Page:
Exaggeration has become the default method for news reporting, and the possibility of commercial electric flight has been no exception, with repeated claims that these new planes will utterly change how we live.
In 2017, Boeing and JetBlue funded Zunum Aero, a U.S. company that promised nothing less than transforming air travel with short-haul electric planes capable of carrying 12 people–and doing it by 2022. Two years later Boeing declined to continue funding the project.
At the Paris Air Show in June 2019, the CEO of Eviation introduced Alice, a nine-seat commuter plane that had two pusher motors on the wing tips—a highly questionable design—and said, "This is not some future maybe…. It's operational." It was not. The first flight did not take place as advertised, and in 2021 the motors were relocated aft on the model fuselage.
Meanwhile, there is the Pipistrel Velis Electro, the first electric airplane to receive European Union flight certification. It is able to carry just two people, for only about an hour.
More people, flying further have nearly doubled the passenger-kilometers traveled by air over the past decade. Short-haul flights on battery power, while undoubtedly convenient, would amount to a mere rounding error, not only for this metric but for the related one of carbon emissions. The Pipistrel Velis Electro, the first e-plane approved in the European Union, can carry two people for about 100 kilometers; the Boeing 787-10 Dreamliner can carry 336 people 11,750 km—about a 20,000-fold difference. James Provost
But overly ambitious goals and setbacks are not the question here; such early failures are to be expected in any new technical endeavor. The problem is much more fundamental. Having all-electric aircraft for short-haul flights would indeed be great, and it would provide critical services to millions of travelers living in small towns. Still, it would make only a minor contribution to what is truly a gigantic business.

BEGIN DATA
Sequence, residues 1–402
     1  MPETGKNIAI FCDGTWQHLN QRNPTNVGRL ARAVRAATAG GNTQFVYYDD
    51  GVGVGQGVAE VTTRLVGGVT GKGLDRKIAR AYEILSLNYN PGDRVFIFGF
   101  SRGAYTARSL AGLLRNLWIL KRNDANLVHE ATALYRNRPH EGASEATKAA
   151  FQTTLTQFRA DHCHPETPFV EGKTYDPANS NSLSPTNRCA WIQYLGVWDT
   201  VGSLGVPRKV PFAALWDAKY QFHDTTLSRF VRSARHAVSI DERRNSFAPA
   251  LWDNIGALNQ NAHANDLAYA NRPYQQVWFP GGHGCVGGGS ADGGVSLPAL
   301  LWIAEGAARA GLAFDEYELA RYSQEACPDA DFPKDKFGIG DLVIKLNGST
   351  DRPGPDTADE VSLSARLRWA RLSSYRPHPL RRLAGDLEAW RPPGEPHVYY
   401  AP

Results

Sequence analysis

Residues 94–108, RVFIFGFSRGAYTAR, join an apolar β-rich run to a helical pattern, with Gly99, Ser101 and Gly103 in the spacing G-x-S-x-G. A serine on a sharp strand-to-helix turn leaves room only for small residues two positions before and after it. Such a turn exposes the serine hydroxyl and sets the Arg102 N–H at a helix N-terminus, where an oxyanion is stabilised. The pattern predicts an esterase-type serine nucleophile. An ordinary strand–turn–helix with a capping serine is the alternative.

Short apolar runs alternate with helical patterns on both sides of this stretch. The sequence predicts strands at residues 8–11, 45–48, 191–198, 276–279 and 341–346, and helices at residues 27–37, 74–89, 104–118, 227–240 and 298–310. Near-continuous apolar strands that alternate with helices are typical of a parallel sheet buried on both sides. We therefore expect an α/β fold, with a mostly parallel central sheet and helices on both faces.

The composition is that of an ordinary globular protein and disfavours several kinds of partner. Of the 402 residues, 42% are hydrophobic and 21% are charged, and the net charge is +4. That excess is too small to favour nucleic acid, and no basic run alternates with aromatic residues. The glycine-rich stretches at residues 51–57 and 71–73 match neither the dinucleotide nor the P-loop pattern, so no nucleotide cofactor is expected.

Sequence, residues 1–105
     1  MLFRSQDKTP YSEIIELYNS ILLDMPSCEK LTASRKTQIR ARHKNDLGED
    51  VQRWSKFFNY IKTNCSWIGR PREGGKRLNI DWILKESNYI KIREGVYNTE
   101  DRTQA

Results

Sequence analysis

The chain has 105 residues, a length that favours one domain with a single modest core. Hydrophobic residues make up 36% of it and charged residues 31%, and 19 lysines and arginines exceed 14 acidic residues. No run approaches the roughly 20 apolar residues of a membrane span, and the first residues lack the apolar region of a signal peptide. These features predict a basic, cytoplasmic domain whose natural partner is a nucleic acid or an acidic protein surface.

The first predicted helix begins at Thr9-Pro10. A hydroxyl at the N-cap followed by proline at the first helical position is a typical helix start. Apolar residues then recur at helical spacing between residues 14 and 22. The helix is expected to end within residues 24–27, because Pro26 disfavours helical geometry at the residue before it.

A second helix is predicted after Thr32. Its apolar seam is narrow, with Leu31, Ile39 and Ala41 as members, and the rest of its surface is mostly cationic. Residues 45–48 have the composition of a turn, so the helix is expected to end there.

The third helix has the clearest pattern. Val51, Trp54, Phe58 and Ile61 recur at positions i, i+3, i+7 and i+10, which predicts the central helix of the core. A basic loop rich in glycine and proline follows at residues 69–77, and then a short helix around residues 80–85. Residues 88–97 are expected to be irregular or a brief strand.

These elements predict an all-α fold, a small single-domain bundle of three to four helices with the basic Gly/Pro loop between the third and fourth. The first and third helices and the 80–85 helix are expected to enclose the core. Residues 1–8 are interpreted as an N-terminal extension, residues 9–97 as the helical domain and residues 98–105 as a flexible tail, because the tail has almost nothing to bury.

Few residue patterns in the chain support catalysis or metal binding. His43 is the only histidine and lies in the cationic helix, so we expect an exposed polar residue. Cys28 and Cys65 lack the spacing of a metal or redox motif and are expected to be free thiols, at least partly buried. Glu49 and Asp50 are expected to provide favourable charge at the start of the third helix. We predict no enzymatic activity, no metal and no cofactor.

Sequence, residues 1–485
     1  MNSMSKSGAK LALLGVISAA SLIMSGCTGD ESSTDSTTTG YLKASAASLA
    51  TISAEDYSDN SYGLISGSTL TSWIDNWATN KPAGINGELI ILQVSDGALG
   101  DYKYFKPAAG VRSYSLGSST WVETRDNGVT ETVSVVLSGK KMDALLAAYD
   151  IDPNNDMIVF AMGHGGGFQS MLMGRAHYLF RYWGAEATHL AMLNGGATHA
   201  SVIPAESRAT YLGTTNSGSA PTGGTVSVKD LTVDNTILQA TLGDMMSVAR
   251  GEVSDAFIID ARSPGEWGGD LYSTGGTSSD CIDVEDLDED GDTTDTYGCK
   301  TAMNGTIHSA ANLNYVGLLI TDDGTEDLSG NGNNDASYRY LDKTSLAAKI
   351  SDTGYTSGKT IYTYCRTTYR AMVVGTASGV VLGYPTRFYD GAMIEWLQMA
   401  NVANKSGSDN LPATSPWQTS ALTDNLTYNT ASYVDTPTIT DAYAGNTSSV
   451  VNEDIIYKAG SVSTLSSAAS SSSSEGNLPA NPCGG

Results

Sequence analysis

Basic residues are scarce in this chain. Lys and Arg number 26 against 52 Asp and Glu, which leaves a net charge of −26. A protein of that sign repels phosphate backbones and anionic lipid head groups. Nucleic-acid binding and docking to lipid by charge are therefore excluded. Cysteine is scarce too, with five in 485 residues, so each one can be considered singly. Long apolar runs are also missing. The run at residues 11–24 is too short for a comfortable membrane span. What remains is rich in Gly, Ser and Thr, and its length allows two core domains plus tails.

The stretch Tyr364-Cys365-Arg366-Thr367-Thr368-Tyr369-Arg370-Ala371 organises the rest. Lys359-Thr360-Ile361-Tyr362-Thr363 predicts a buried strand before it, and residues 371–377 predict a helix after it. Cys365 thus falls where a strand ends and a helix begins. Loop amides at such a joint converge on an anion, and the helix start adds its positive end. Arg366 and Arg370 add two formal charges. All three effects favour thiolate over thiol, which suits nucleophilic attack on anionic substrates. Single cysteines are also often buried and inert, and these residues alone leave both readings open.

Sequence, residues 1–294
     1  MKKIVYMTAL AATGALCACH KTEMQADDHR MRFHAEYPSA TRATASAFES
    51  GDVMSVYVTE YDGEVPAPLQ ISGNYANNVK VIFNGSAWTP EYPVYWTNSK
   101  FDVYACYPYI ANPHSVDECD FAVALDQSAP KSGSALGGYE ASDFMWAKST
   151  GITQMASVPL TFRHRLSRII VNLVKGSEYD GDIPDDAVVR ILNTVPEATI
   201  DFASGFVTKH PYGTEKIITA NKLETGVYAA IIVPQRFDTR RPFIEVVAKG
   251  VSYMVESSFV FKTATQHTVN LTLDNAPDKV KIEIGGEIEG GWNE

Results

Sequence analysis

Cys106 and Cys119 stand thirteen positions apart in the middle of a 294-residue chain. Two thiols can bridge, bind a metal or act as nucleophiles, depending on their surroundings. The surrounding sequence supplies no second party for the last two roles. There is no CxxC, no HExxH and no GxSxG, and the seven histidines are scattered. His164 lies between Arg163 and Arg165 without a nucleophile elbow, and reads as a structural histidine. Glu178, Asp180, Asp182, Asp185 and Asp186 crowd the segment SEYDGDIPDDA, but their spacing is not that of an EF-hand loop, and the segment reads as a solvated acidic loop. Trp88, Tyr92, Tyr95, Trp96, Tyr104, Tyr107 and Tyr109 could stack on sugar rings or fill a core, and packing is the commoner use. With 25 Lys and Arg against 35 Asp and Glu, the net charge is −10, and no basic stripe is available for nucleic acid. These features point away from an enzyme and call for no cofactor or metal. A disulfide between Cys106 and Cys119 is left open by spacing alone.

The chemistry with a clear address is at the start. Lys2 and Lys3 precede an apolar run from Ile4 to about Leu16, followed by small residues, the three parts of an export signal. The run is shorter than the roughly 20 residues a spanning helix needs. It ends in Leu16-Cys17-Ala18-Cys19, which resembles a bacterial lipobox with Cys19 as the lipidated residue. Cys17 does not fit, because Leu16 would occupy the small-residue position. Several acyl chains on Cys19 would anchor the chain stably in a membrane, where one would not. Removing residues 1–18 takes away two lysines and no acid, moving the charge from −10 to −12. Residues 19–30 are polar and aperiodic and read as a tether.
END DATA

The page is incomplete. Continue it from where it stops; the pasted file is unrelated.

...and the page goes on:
Air traffic surged from 28 billion passenger-kilometers (pkm) in 1950 to 2.8 trillion pkm by the year 2000, a 100-fold rise. It then rose to nearly 9 trillion pkm before the pandemic intervened. Trillions of passenger-kilometers could be added so rapidly thanks to the advent of wide-body airplanes carrying 300 to 500 passengers per plane between the continents. Consider such flights, spanning about 6,000 kilometers between Europe and North America, 8,000 km between Europe and East Asia, and 11,000 km between North America and Asia—and compare them to short-haul affairs, say between smaller towns and the largest city in a state.
Large turbofan engines powering these planes are fueled by aviation kerosene that provides nearly 12,000 watt-hours per kilogram. In contrast, today's best commercial Li-ion batteries deliver less than 300 Wh/kg, or 1/40th the energy density of kerosene. Even when taking into account the higher efficiency of electric motors, the effective energy densities go down to about 1/20th. That's more than better batteries can bridge within the next decade or two.
During the past 30 years the maximum energy density of batteries has roughly tripled. Even if electrochemists should replicate that feat, providing us with 1,000 Wh/kg batteries in 2050, it would still fall far short of what's needed to fly a wide-body plane nonstop from New York to Tokyo, something that All Nippon Airways, Japan Airlines, and United Airlines have been doing for years with the Boeing 777. And while kerosene-fueled planes get lighter as they travel to their destination, electric aircraft will have to carry a constant mass of batteries.
Moreover, the airline industry requires massive investments. Pre-COVID estimates indicated that between 2018 and 2038 the combined market for new planes, together with the cost of their maintenance, repair, and associated training services, would be on the order of US $16 trillion. Such enormous outlays require long planning horizons, embedded in commitments to specific designs and aircraft orders.
This means that the industry's next few decades have already been decided. Because the average lifespan of both single-aisle and wide-body planes is just over 20 years, forthcoming purchases of new planes will expand the existing fleet at least by half—and all of the large commercial planes will rely on kerosene-fueled turbofans.
This article appears in the November 2021 print issue as "Electric Flight."
Vaclav Smil writes Numbers Don’t Lie, IEEE Spectrum's column devoted to the quantitative analysis of the material world. Smil does interdisciplinary research focused primarily on energy, technical innovation, environmental and population change, food and nutrition, and on historical aspects of these developments. He has published 40 books and nearly 500 papers on these topics. He is a distinguished professor emeritus at the University of Manitoba and a Fellow of the Royal Society of Canada (Science Academy). In 2010 he was named by Foreign Policy as one of the top 100 global thinkers, in 2013 he was appointed as a Member of the Order of Canada, and in 2015 he received an OPEC Award for research on energy. He has also worked as a consultant for many U.S., EU and international institutions, has been an invited speaker in more than 400 conferences and workshops and has lectured at many universities in North America, Europe, and Asia (particularly in Japan).